Other treatments included intramuscular antibiotic administration and dexamethasone for antinflammation effect and pain relief. It was also supposed to be monitored and its response be reported to the veterinarian for action.
Desnaring of two Waterbucks in Mount Elgon National Park
One of these waterbucks was an adult male aged about 6 years that had a 3 meter long wire tied to its left hind limb. The animal had difficulties in walking because the wire kept grasping trees and other vegetation as the animal walked causing much irritation and it was restless and not feeding most of the time. We found it just at the edge of the forest next to one of the campsites in mount Elgon and it was immobilized by darting using 6mgs of etorphine hydrochloride combined with 20 mgs of xylazine hydrochloride and 1000 iu of hyaluronidase. It took off into the thicket after darting but we tracked and found it recumbent inside the forest. The wire was still loose and it was cut off using a wire-cutter. The animal was then revived from anaesthesia using 24mgs of diprenorphine hydrochloride combined with 5mgs of atipamezole hydrochloride administered through the ear vein.
Second case of Waterbuck in Mount Elgon National Park.
The second waterbuck was a two year old male that was found lying just next to the park offices, this was immobilized by darting using 4mgs of etorphine hydrochloride combined with 20 mgs of xylazine hydrochloride and 1000 iu of hyaluronidase. It took about 5 minutes to become recumbent. It had a tight copper wire that was cutting through the soft tissues around the distal metatarsal region. This wire was pulled out and cut using a wire cutter, then the wound debrided and treated using a tincture of iodine, antibiotic spray and intramuscular antibiotics administered. It was then revived from anaesthesia and released back to the wild.
In these two cases of waterbucks, the prognosis was good and they had very good chances of recovery since the irritant had been removed.
Treatment of a wounded Masai giraffe in Masai Mara National Reserve.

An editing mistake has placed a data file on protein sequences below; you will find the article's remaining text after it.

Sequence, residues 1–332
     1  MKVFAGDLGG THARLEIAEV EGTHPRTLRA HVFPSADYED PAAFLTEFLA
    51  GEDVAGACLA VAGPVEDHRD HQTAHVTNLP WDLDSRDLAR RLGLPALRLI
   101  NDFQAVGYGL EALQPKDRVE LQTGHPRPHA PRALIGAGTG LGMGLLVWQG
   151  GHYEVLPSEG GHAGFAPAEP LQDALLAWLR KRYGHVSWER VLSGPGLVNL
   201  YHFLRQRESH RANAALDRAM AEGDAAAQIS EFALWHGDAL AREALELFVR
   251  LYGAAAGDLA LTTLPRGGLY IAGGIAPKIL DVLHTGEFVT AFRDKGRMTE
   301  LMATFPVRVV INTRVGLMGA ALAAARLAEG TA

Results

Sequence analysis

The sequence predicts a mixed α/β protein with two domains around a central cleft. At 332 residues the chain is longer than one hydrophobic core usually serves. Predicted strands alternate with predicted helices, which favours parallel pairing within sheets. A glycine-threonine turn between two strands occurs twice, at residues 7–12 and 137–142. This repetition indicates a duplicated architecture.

The giraffe was found next to Keekorock lodge and the veterinary team was informed that the animal had a large wound just above the corium on the planter side of the right hind limb. It was so easy to find because it could not move over a long distance due to pain experienced from the limb. It was an adult male giraffe, we found it browsing near a small stream next to the lodge.
The giraffe was immobilized by darting from a vehicle using 13mgs of etorphine hydrochloride combined with 30mgs of xylazine hydrochloride and it took about 6 minutes for the drug to take effect then finally it was roped down for treatment. The wound was quite large with a lot of pus exudation, it was cleaned and debrided by 10% hydrogen peroxide and a tincture of iodine. It was also treated by antibiotic drugs and anti-inflammatory drugs. The animal was then revived from anaesthesia and assisted to rise up, prognosis was good because the wound was quite superficial and had no foreign material.
During the month of June, 2007, the number of cases of snaring and animal injuries remained high especially in Naivasha area, few of these cases were reported to the veterinary team but most of the cases were met by the team while patrolling in the field. The team was also involved in a number of research activities including baboon research in Amboseli. Disease surveillance in Lake Nakuru National park was another major activity which the team was involved in.